The Guardian news media writes about the research On the Relation Between Social Dominance Orientation and Environmentalism: A 25-Nation Study, published at the journal Social Psychological and Personality Science where participate COES principal researcher, Roberto Gonzalez, with others researchers.
In the 1990s, psychologists at the University of California, Los Angeles, developed a scientific theory to account for all the prejudice and violence in the world. Social dominance theory, which attributes sexism and racism (among other isms) to the way humanity organises its social structures, can be used to explain everything from opposition to welfare policies to why we go to war.
Put simply, the theory states that people with power will always seek more of the desirable things in life (as they see it) at the expense of their subordinates.
Today, researchers are applying social dominance theory to try to understand an even broader scope of behaviours. Two recent studies relate people’s views on social equality to how they think and act on environmental issues such as climate change and conservation. The findings hint at radical new ways to increase support for measures that will make the planet more sustainable for all who live on it.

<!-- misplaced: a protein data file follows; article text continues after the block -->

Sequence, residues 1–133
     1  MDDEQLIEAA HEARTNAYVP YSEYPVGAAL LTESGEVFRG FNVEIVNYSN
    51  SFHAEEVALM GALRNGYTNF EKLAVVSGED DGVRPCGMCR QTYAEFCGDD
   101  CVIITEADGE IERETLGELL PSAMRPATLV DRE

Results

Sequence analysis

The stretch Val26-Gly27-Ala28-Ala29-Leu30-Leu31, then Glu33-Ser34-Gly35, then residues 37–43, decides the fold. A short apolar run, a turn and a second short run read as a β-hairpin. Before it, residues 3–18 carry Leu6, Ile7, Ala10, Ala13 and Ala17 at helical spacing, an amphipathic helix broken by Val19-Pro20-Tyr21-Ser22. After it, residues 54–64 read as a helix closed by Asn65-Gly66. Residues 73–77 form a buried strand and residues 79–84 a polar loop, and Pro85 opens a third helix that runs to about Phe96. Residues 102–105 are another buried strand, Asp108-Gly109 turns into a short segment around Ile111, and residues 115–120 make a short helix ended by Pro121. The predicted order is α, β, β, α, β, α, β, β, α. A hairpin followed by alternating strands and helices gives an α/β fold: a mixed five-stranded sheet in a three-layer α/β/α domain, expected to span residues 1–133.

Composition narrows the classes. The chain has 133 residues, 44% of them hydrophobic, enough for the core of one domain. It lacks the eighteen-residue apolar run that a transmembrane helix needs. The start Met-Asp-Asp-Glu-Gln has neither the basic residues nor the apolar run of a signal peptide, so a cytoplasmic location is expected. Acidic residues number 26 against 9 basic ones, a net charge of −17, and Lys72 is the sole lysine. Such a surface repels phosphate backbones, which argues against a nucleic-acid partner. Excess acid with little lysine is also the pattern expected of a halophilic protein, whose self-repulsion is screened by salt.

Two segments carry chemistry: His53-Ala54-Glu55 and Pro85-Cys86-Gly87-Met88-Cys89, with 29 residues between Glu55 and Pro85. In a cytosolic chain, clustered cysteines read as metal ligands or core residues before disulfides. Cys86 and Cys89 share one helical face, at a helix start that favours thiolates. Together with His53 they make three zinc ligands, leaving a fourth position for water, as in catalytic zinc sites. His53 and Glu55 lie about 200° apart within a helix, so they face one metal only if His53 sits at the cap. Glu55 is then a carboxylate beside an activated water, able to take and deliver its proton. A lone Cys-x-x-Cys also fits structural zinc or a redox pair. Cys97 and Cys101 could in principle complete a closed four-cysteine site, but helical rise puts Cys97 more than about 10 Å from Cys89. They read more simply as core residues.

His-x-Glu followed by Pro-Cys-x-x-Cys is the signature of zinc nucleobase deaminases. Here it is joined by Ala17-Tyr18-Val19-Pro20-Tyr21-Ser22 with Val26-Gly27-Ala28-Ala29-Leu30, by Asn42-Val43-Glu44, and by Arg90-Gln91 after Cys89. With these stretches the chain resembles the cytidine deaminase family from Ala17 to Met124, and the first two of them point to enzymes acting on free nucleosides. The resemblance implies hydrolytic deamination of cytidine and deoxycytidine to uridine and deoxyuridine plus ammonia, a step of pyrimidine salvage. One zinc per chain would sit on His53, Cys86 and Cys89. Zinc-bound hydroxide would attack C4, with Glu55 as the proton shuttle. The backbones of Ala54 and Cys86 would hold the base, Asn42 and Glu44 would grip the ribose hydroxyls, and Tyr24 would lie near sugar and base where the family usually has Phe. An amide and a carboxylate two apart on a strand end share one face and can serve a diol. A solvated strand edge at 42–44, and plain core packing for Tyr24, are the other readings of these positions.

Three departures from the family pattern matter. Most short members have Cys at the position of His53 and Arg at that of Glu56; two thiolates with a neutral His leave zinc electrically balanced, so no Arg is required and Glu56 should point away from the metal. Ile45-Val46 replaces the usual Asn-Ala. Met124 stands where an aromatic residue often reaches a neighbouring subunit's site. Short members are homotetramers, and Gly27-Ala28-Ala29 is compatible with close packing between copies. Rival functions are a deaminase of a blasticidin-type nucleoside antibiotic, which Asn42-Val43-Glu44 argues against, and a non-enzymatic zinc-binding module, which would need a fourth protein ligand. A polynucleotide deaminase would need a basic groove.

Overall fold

The horrors of hierarchies
Social dominance theory revolves around the observation that most modern human social systems are organised in a similar way (with notable exceptionsamong the Indigenous communities of the world).
“Human social systems have a tendency to be organised as group-based hierarchies with one small group at the top of the social system and a variety of groups at the bottom,” says Harvard University professor Jim Sidanius, one of the researchers who came up with the theory. “The primary forms of discrimination and anti-group violence we observe around the world and throughout history are simply manifestations of this general tendency for humans to form hierarchical social organisations.”